Estonia is open to foreign direct investments. According to UNCTAD's 2022 World Investment Report, net FDI inflows dropped to USD 989 million in 2021, from almost 3.4 billion one year earlier. In the same period, the total stock of FDI was estimated at USD 34.8 billion, around 96.1% of the country’s GDP. According to OECD data, most of the FDI stock is concentrated in the financial and insurance, real estate and manufacturing sectors. The main investor countries are Sweden, Finland, the Netherlands and Lithuania. The latest figures from OECD show that in the first semester of 2022, FDI inflows to Estonia totalled USD 1 billion, in line with the level recorded in the same period one year earlier. The main projects launched over the year included the Neo Performance Materials magnet factory, a EUR 100 million facility to be built in the city of Narva by the rare earth producer Silmet; Norwegian manufacturer of ice-breakers Bifrost Tug setting up an R&D centre; the upgrade of the German company Kühne+Nagel’s IT Centre; and the Finnish electronic manufacturer Incap Electronics’s factory.
As with other small-scale open economies, Estonia requires a constant flow of foreign investment in order to maintain its economic expansion. Estonia is among the leading countries in Eastern and Central Europe regarding FDI per capita. The country has a very pro-business legislative framework and, more broadly, the Estonian society has a business-friendly attitude which is the expression of the country's perfect integration into the northern circuit of production, in which the Estonian subsidiaries often function as outsourcing sites for Scandinavian parent companies. Estonia is highly developed in the FDI-attractive fields of IT, biotechnologies and green industries. A balanced budget (constitutionally protected), a free trade regime, a fully convertible currency, a competitive banking sector and an investment-favourable environment have all contributed to the success of the country, which ranks 24th out of 82 in the Economist Business Environment ranking, as well as 18th out of 132 in the 2022 Global Innovation Index, 14th out of 180 in the Corruption Perception Index. Finally, in January 2023, the Estonian Parliament passed a law establishing a foreign direct investment screening mechanism which will come into effect from September 2023. A foreign investor should therefore make an FDI notification to the Consumer Protection and Technical Regulatory Authority before the respective foreign investment is completed, with the review process - which is mandatory and suspensory – taking place normally within 30 calendar days. The sectors involved include electricity supply, natural gas supply, liquid fuel supply, ensuring the operability of national and local roads, phone and mobile phone service, data transmission service, digital identification and signing, payment services, cash circulation, district heating, water supply and sewerage, companies in which the state has a qualified holding, certain companies in the media and telecommunications sector, certain infrastructure companies, certain companies producing, supplying or providing technical services regarding military and dual-use goods.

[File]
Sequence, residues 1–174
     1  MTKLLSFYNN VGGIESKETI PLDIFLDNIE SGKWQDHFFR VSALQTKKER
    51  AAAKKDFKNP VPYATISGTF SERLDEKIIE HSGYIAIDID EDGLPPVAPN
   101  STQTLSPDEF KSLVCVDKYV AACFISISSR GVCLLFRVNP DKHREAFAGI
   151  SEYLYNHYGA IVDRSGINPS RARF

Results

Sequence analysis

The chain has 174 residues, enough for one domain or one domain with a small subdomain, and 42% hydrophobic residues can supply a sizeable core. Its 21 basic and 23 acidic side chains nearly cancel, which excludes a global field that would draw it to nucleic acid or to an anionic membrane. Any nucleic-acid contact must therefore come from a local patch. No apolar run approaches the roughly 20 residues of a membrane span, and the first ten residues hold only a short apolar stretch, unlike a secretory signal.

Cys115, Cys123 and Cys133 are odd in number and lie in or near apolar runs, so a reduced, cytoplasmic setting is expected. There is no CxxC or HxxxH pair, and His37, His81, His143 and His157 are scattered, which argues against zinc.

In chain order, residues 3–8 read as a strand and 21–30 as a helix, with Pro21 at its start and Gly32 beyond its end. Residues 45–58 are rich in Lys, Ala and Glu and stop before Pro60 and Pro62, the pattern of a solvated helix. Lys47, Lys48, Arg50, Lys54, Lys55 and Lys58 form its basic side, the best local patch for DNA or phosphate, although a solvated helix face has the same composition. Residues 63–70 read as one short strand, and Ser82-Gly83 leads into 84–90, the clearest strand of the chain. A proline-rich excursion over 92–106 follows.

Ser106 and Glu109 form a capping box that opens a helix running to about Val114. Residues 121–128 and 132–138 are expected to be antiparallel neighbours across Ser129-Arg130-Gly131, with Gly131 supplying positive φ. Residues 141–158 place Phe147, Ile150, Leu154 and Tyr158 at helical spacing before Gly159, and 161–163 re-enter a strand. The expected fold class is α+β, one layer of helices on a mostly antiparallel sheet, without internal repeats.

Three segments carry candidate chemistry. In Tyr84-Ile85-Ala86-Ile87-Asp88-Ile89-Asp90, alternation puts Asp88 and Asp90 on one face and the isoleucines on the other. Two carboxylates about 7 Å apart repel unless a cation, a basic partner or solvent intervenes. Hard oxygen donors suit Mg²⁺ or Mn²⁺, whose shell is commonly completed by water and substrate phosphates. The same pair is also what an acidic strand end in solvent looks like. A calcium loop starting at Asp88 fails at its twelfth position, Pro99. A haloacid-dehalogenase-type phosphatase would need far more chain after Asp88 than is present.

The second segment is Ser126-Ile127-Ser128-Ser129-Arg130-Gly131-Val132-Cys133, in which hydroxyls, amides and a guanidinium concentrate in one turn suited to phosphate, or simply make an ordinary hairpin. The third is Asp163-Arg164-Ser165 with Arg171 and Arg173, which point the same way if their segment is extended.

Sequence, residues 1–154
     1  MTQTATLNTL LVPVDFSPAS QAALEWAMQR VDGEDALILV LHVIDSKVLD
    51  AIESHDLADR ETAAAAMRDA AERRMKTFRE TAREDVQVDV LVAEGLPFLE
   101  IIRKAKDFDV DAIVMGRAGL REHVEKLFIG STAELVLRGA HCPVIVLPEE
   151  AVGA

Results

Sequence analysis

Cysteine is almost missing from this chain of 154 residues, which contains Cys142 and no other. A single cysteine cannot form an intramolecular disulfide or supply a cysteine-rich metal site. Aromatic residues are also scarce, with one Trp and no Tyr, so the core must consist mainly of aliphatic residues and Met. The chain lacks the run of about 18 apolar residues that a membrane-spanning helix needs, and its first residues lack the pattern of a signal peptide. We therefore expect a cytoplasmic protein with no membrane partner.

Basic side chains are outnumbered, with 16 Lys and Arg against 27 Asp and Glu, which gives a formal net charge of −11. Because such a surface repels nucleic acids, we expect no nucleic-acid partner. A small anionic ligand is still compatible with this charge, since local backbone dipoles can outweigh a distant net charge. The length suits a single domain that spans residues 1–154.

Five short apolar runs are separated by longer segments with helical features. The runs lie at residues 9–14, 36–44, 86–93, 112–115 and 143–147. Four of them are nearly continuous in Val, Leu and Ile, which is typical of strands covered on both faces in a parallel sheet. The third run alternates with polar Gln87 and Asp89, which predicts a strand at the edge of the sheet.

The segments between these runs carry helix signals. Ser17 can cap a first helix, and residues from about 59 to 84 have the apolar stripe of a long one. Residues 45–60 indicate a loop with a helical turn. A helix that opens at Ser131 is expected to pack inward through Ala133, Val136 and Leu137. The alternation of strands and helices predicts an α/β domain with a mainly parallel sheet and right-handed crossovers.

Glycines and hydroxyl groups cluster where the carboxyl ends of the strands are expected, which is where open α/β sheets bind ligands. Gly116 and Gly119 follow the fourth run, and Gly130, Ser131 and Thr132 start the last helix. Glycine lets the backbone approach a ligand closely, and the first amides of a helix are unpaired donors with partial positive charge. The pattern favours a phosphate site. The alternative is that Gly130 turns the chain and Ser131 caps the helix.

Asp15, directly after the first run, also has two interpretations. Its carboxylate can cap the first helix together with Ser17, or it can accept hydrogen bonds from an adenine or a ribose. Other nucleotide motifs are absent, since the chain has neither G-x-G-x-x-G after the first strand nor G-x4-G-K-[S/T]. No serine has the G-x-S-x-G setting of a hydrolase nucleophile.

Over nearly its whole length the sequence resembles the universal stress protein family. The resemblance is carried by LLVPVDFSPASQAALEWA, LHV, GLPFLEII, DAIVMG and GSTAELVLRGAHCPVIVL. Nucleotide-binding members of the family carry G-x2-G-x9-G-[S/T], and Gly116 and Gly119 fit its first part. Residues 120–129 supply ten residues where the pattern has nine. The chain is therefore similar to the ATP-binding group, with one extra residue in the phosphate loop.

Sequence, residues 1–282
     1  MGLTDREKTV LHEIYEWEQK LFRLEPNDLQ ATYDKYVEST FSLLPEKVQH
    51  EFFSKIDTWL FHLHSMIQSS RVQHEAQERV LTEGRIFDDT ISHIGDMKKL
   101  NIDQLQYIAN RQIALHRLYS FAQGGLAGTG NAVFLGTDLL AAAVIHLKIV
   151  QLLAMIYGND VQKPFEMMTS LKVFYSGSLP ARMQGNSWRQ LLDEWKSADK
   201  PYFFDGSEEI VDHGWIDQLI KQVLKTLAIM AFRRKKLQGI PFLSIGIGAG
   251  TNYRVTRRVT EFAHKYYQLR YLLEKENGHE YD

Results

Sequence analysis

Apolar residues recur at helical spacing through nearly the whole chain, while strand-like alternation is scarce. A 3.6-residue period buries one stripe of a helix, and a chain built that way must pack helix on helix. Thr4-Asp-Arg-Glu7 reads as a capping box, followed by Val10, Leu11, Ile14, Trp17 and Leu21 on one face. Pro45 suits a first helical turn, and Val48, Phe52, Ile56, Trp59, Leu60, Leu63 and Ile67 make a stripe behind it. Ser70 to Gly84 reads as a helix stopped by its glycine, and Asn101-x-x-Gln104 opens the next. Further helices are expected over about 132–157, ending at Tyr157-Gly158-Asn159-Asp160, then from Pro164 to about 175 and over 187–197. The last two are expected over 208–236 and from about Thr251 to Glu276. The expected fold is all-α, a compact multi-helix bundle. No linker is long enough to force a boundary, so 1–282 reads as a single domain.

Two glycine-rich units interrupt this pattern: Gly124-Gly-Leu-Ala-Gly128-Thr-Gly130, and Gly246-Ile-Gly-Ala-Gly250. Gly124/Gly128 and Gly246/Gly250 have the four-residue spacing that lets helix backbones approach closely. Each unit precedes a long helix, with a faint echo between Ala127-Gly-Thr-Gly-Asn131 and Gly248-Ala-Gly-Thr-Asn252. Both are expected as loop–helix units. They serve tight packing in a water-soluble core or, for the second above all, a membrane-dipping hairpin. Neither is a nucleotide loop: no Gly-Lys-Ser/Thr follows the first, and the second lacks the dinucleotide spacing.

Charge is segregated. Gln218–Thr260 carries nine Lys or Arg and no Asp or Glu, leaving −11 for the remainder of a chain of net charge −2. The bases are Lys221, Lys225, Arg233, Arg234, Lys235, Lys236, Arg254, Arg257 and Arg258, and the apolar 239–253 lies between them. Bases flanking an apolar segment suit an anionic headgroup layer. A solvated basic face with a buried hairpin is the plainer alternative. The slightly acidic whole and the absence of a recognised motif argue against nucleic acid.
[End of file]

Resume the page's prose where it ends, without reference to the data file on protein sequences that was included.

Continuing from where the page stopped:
|Foreign Direct Investment||2020||2021||2022|
|FDI Inward Flow (million USD)||3,419||-832||1,205|
|FDI Stock (million USD)||30,073||29,184||29,975|
|Number of Greenfield Investments*||30||22||20|
|Value of Greenfield Investments (million USD)||610||788||397|
Source: UNCTAD - Latest available data.
Note: * Greenfield Investments are a form of Foreign Direct Investment where a parent company starts a new venture in a foreign country by constructing new operational facilities from the ground up.
The main advantages of the country are:
The main weaknesses of the country are:
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Latest Update: September 2023